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Wednesday, 11 December 2002
Page: 7708


Senator SANTORO (12:45 PM) —When I made my first speech in this place last week, I said that a principal objective that I had, as a representative of Queensland, would be to assist in the process of keeping the Queensland government honest. In that speech I said:

... the states have a duty to use the tax funds they draw from the Commonwealth responsibly. The states now have access, in the GST, to the first major true growth tax they have enjoyed since they turned over income taxing powers to the Commonwealth 60 years ago ... They have been given a historic opportunity to be truly responsible for tax revenue that comes to them by right, with no strings attached, but is collected by another government which takes on the political odium of doing so.

Since I made that speech, I have been looking at some of the financial statistics. In 2002-03, Queensland received 46.3 per cent more overall in Commonwealth moneys than it received in 1997-98. It received 44.7 per cent more in 2002-03 from the current budget than it received in 1998-99, the first fiscal year for which the Beattie government was responsible. It received 55.9 per cent more in 2000-01 than it received in 1999-2000, and 2000-01 was the first budget year in which the GST funds flowed to the states. So that all this is in perspective, it should be noted that the national total of Commonwealth funds disbursed to the states and territories rose by 47.7 per cent between 1997-98 and 2002-03. The 2002-03 amount is, of course, an estimated amount. The 2000-01 increase compared with 1999-2000—the first year of GST funding—was 55.7 per cent.

The principle of the arrangements between the states and territories and the Commonwealth on GST is novel. All GST revenue is divvied up between the states and territories under the Commonwealth Grants Commission formula. The rate of growth in funding from this source that the states can expect depends on the growth in taxable consumption spending. In other words, the better the country performs as a consumer society, the more money flows to the states. All state governments, wherever they are located and of whatever political persuasion they are, complain that they have been dudded by the Commonwealth. It is a national sport. Sometimes these complaints have been justified, but in the light of cool analysis many cannot be justified.

In the case of Queensland, my own state, for example, it is fairly difficult to argue for compensation for tax revenue forgone that was never raised in the first place. A changeover, such as the one that occurred in 2000-01, when the whole basis of state revenue raising was changed by national agreement, was always going to alter the parameters. Queensland can still be a low tax state—in reality that is, not in rhetoric. The present Queensland government, please note: the bottom line is that the states now have a growing pool of revenue that can be spent according to their own budgetary priorities. By any measure, at least on the face of it, that is a significant advance in financial independence. It may not be a pot of gold—it certainly is not a bottomless one—but it is nonetheless a mechanism that creates significant budgetary freedom hitherto unknown.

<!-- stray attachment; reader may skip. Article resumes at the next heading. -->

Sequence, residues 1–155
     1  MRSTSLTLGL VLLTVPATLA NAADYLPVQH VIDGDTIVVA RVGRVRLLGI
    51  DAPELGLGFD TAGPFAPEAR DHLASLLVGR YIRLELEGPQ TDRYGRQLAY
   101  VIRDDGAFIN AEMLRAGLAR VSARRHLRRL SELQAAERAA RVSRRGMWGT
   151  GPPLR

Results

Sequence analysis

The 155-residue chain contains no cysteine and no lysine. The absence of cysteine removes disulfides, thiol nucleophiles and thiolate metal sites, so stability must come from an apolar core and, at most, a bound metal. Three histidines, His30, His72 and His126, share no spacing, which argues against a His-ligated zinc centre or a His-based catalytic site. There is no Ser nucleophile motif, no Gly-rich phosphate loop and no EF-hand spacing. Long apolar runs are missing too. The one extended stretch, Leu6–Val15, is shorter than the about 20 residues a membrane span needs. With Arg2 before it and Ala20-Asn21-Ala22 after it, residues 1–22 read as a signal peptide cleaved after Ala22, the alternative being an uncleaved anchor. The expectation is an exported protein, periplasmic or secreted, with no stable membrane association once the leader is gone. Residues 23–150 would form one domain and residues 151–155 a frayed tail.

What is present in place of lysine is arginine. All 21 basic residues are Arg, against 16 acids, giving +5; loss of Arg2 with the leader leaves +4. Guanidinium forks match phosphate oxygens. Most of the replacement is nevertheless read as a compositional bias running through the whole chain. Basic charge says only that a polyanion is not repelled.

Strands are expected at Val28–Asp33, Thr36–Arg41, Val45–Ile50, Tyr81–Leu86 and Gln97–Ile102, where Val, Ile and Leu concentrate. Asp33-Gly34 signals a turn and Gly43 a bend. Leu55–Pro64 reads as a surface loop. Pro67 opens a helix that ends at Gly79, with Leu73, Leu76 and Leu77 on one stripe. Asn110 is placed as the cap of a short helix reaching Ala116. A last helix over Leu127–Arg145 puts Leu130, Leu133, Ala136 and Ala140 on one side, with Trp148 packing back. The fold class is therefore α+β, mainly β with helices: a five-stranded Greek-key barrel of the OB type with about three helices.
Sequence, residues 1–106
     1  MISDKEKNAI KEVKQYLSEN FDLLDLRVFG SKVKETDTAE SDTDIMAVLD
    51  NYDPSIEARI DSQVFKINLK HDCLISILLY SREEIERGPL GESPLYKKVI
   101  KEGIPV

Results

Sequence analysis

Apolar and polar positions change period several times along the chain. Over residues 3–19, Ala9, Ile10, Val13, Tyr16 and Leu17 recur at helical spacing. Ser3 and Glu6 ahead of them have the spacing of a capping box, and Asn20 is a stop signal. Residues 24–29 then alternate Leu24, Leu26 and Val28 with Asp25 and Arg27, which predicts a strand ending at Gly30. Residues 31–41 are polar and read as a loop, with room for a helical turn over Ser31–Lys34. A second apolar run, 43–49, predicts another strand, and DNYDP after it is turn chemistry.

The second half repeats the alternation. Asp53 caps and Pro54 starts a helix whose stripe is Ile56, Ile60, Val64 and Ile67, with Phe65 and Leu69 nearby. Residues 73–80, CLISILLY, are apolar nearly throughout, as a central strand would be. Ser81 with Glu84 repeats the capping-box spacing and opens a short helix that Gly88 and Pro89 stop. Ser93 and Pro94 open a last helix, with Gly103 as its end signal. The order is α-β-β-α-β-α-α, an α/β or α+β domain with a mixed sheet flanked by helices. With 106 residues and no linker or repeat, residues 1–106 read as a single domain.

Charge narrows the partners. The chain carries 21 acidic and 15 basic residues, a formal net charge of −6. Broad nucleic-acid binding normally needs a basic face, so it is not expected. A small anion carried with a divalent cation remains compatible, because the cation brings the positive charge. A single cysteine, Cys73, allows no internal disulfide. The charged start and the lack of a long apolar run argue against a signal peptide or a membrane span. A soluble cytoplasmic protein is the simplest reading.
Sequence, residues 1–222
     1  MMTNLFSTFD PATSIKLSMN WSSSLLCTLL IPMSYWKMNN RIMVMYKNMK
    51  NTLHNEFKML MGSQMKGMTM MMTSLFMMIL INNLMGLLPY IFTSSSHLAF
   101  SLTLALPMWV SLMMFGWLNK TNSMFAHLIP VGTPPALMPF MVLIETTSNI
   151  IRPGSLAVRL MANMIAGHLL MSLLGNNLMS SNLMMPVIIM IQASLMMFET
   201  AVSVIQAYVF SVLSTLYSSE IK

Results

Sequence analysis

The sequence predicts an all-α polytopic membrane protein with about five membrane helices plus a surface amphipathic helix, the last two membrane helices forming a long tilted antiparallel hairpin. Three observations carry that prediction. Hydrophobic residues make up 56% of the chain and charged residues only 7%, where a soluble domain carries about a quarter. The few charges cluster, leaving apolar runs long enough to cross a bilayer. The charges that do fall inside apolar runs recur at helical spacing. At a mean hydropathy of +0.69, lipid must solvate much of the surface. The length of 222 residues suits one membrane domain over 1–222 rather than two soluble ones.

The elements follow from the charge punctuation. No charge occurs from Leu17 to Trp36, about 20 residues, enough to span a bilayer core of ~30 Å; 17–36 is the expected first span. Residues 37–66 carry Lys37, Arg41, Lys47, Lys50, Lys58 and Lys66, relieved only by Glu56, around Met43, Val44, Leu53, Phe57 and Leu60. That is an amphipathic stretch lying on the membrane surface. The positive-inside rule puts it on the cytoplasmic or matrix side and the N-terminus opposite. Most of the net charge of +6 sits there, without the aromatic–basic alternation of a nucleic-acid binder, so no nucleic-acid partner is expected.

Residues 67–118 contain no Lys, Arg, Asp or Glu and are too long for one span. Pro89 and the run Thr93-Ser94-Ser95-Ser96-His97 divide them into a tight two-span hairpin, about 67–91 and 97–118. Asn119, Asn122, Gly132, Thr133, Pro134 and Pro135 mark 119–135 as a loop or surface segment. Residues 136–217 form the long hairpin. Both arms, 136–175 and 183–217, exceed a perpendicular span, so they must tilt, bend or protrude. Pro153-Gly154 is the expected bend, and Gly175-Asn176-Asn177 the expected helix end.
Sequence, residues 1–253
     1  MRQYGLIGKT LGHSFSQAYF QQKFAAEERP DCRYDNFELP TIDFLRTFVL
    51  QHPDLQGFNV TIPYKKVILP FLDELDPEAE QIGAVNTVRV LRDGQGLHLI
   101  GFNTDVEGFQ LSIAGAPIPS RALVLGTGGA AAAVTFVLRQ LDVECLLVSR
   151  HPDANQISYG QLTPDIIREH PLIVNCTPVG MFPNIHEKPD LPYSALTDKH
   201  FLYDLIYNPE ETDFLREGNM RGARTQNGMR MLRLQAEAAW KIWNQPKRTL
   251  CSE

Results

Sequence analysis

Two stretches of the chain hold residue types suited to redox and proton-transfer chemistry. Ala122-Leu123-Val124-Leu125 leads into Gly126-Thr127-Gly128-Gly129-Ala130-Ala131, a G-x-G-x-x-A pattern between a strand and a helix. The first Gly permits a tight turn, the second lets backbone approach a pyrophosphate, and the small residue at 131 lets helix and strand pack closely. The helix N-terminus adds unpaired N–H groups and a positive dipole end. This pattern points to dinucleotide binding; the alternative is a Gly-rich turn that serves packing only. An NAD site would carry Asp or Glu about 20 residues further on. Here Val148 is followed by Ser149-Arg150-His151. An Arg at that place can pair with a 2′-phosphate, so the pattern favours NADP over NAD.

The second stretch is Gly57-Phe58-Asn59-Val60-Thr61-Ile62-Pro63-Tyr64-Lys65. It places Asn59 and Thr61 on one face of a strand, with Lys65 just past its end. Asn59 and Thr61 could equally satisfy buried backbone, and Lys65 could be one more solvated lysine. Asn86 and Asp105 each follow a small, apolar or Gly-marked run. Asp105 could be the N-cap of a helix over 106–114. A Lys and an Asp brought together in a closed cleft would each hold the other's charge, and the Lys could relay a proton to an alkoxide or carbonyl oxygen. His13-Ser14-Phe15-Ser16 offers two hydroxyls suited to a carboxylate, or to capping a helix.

Those of us who welcome and wish to advance the cause of state differentials, on the basis that a country as large in area and as geographically and climatologically diverse as ours needs to encourage sensible regional difference, can only applaud. I am sure this applause is actually echoed in the corridors of the Labor administrations that now hold government across the country. They just will not say so publicly, and the Queensland government in particular is remarkably coy about the benefits that flow its way because of the new arrangements. Talking about benefits, just yesterday the Minister for Science announced more than $478 million in funding for cooperative research centres— that is a record.

For the record, Queensland received one-third of the CRC grants that were announced, a performance that reflects credit on the research capabilities of Queensland institutions, the education sector and private enterprise. That certainly deserves applause. What also deserves applause is the Commonwealth's readiness to fund excellence and the promise of outcomes on the rational basis of reasonable and judged expectation. It would be a shame if unnecessary state rivalries muddied the waters there.

Ten CRC applicants based in Queensland—and I think we should reflect on and give proper weight to the words `based in Queensland'—were successful in the selection round. Four of them are entirely new, two will be developed from existing CRCs and four CRCs will receive supplementary funding. The Queensland recipients who have received grants worth a total of $140.35 million deserve to be mentioned for the record. They are: sugar industry innovation through biotechnology, $28 million; interaction design, an IT operation, $12.4 million; Australian biosecurity, emerging infectious diseases, $17.5 million; integrated engineering asset management, also an IT operation, $17.5 million; sustainable tourism, operating in the environmental area, $26.7 million; mining, $27 million; coastal zone, estuary and waterway management, $3 million; rainforest and reef and catchment to reef, which is an ongoing project, $2.25 million; enterprise distributed systems technology, another IT operation, $3 million; and the Great Barrier Reef World Heritage areas and Torres Strait program, an ongoing operation, $3 million.